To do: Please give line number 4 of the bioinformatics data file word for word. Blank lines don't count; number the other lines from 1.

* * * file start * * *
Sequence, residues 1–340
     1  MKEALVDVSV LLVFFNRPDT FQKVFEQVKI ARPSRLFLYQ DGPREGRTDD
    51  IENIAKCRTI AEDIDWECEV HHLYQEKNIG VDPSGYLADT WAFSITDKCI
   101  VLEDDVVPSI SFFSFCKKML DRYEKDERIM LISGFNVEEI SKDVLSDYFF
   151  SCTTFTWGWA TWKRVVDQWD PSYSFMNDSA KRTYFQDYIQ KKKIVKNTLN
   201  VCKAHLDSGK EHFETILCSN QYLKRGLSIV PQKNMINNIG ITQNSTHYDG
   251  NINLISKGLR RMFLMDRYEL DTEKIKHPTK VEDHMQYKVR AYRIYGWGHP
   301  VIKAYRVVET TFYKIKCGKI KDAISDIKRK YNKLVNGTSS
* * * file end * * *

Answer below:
   101  VLEDDVVPSI SFFSFCKKML DRYEKDERIM LISGFNVEEI SKDVLSDYFF